In this weekend’s FT Magazine Gilliant Tett has written an excellent column on the precious metal. Perhaps one of the best ever written on the subject. Gold is, indeed, a “premier currency”: It possesses all the characteristics other ‘fiat’ or ‘virtual’ currencies lack: Historically ‘anchored’, finite supply, tangible and, last but not least, a beguilingly beautiful substance with an enigmatic appeal. This explains its enduring appeal, creating the illusion of permanent, intrinsic value.
However, it is a myth to believe gold is a constant store of value. Like anything else, the price of gold is created by supply and demand: Gold in need of a polish?
What a disappointment! Here we go again: The ‘safe pair of hands syndrome’! The last thing we want to see at Sainsbury’s is a Tesco repeat. Clarke turned out to be a genetically modified Leahy clone and now it appears Mike Coupe has been cast in the same role at Sainsbury’s.
Only a couple of weeks ago, Mr Coupe was unexpectedly handed an early Christmas present after Dave Lewis of Tesco announced that “[the company is] not currently working on a rights issue, but never say never”. He should have been ruthless and seized the opportunity to raid the markets first, delving as deeply as possible into investors’s pockets! It is hardly a secret that liquidity, artificially boosted by years of QE, is drying up fast and this was a golden opportunity not to be missed under any circumstances. To add insult to injury, not even an interim divi cut! Sainsbury’s is a vessel in distress and playing it safe will inevitably lead to yet another remake of ‘Titanic’. Dear Mr Coupe, just a little reminder: Titanic has already been digitally remastered in 3-D version. Investors want a different movie! Rights is right!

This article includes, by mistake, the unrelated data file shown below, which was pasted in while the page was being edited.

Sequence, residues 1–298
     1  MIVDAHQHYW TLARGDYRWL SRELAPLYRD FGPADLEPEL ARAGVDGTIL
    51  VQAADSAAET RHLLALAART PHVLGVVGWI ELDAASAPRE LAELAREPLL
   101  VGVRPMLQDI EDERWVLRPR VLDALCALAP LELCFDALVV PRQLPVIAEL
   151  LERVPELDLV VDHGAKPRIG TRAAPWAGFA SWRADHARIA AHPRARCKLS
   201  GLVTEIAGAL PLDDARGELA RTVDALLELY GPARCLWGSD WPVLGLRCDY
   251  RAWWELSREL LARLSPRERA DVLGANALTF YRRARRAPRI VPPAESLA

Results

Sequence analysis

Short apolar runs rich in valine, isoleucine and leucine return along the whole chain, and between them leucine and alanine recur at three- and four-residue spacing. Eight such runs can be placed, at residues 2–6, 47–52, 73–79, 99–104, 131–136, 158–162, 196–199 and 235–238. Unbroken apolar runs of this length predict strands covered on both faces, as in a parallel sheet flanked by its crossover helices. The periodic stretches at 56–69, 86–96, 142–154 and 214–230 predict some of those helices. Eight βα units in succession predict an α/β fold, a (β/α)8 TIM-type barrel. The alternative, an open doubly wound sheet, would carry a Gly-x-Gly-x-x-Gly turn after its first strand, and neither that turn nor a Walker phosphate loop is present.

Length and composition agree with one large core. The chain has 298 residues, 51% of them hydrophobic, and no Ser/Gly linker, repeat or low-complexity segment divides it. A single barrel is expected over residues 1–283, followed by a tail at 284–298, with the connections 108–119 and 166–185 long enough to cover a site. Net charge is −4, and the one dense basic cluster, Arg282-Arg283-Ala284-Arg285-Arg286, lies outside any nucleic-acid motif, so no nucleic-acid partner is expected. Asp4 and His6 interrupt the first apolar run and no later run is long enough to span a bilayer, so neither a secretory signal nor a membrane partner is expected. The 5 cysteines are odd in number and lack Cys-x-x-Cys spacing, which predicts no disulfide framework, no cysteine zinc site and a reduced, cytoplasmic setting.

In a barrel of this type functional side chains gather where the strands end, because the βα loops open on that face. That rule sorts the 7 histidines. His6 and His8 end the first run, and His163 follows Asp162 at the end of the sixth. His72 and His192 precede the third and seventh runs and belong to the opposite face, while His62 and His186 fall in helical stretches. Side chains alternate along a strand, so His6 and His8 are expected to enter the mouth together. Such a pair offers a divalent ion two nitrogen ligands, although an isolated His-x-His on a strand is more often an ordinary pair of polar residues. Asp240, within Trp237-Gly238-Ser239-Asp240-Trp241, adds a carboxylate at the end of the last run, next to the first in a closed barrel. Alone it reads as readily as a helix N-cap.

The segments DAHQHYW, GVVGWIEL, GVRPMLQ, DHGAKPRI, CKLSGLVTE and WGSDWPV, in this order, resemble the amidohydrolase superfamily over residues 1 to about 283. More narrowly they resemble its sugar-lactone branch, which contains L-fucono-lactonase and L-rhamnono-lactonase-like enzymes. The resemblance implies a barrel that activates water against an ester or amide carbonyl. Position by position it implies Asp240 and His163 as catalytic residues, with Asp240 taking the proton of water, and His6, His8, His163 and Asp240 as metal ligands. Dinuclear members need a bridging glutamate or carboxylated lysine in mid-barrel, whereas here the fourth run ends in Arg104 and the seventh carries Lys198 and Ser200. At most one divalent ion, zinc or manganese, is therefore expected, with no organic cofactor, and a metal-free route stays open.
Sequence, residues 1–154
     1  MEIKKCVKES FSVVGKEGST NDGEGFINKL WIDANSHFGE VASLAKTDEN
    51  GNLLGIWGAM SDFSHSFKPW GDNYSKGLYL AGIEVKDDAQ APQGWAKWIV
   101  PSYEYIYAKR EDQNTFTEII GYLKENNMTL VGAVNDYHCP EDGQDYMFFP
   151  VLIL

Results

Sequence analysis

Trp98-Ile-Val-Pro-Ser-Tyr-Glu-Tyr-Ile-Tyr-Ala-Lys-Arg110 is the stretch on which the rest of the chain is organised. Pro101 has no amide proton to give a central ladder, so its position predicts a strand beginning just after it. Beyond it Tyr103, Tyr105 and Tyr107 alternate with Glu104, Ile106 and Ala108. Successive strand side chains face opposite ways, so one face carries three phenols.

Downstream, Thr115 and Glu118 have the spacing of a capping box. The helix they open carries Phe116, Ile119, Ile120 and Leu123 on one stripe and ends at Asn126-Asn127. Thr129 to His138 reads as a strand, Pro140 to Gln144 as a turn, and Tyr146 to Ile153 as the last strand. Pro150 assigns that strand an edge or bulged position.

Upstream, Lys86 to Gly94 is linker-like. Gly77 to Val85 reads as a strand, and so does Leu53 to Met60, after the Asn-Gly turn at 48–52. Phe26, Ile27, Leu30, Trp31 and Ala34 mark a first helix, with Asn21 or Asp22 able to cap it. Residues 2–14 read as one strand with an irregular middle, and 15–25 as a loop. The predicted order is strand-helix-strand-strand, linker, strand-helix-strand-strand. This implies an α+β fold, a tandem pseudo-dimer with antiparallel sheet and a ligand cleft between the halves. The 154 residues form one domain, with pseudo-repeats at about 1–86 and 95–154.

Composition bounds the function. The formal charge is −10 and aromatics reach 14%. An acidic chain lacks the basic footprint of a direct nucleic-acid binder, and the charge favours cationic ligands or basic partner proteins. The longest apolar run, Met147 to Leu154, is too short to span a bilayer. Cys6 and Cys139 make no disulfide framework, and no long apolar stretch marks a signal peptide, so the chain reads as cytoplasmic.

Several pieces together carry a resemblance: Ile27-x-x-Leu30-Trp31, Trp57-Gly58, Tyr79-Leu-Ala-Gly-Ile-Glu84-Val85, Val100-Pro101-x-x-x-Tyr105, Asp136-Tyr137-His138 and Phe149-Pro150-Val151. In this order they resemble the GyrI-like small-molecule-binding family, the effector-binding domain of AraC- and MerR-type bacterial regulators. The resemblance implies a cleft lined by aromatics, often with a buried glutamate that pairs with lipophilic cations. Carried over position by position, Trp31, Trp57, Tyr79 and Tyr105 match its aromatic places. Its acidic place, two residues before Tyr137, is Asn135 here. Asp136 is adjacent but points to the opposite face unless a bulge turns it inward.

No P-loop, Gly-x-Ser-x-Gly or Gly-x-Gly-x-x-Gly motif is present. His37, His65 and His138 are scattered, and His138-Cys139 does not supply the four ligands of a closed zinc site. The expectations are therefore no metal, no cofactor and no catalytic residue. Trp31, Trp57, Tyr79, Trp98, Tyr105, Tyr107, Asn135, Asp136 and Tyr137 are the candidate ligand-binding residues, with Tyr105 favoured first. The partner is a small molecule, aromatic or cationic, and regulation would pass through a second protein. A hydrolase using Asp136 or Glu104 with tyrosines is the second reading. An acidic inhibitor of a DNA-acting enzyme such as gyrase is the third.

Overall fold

PS: Judging from a televised interview with CEO Mike Coupe, yesterday, there appears to be an admirable lack of panic within the Sainsbury’s camp. Mr Coupe as cool as a cucumber? Or perhaps just plain boring? The analysts verdict of the strategic review is unanimous and unambiguous: Distinctly unimpressed. It would be in nobody’s interest if Mr Coupe were to suffer a major panic attack, however… a sense of a little more urgency would have done no harm.